Many children aren’t hopeful, they’re expectant. Eating, bathing, napping, playing all become what they expect during a day. There are exceptions, but, the truth is that all children should be able to live expectantly. Hope shouldn’t necessarily be a part of their lives, because they should be able to see what they expect.
We were once expectant children, but age faded its brilliance as we discovered that, eventually, life offers up numerous unrealized expectations. Gradually we recognize that what we expect, is not always what we see. Our expectations become diminished and we begin using the language of hope—I hope I get that promotion. I hope I get accepted into college. I hope my doctor’s appointment goes well. There is much that we do not see, and yet we remain hopeful.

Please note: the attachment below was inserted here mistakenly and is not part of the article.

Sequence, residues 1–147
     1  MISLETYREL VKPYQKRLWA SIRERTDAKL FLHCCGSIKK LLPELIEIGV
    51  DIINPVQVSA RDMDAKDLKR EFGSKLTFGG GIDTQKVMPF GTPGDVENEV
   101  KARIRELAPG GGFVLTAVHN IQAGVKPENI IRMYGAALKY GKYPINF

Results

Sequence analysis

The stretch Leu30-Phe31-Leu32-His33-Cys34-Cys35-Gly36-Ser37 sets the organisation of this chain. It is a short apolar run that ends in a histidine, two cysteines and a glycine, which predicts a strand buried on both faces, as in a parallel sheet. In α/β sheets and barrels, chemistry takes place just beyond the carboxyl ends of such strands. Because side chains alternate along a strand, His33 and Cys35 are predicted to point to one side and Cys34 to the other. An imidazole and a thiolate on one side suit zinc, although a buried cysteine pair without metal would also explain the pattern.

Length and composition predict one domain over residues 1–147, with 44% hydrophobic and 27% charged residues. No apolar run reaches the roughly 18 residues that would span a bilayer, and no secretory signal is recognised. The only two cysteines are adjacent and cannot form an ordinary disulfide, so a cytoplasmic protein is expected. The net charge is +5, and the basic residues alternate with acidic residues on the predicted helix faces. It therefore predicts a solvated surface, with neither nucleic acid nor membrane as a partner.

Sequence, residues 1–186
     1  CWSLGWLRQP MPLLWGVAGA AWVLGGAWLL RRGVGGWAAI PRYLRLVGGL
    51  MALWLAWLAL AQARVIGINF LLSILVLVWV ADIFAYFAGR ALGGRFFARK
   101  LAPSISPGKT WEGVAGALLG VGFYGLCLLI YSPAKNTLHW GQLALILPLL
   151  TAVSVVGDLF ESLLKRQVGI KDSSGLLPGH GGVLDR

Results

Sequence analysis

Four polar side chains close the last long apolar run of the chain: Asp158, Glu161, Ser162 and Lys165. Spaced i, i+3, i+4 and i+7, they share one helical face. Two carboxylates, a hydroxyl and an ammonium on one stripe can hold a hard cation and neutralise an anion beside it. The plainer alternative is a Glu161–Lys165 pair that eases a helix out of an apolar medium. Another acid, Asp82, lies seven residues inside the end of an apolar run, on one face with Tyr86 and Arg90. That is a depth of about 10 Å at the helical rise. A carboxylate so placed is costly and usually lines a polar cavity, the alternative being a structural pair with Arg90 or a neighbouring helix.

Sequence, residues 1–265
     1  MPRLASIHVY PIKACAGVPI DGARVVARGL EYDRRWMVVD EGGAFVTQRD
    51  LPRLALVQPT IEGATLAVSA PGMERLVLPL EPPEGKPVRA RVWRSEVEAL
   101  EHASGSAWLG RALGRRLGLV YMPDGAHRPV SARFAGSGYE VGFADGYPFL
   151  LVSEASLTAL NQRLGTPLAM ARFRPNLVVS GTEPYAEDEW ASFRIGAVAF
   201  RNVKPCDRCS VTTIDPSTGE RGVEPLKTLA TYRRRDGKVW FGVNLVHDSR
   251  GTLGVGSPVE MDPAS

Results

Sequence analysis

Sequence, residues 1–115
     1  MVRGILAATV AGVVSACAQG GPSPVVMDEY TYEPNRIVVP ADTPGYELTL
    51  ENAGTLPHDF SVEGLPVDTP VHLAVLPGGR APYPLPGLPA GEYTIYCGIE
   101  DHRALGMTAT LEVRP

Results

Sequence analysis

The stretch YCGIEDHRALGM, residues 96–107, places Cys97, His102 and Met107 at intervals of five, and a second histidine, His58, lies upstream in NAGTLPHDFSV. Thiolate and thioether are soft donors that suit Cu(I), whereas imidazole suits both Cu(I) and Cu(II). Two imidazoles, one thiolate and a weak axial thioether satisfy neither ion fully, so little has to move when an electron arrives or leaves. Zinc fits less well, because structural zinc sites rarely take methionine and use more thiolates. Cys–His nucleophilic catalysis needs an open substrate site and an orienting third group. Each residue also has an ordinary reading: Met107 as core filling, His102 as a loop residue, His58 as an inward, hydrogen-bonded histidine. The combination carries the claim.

Being a Jesus follower demands huge amounts of hope. A commitment to Jesus is based on faith in what can’t be seen. The Trinity is not a visual reality, but it is a hopeful one. And as with so much of the other “stuff” in our lives that can’t be seen, but for which we are hopeful, we begin to appreciate that we can believe and hope in something that we don’t necessarily “see.”
It takes work to be hopeful. It’s so much easier to make plans, set agendas, organizing one’s life in such a way that we expect to get certain results. Living a hopeful life is edgy and absolutely crazy. But, one day hope will bring what can’t been seen into focus—the Kingdom of Heaven.
Father, Son and Holy Spirit I want to be able to see You,
hear You, feel You. Help me to know You in a way that is hopeful,
expecting that one day all will be seen.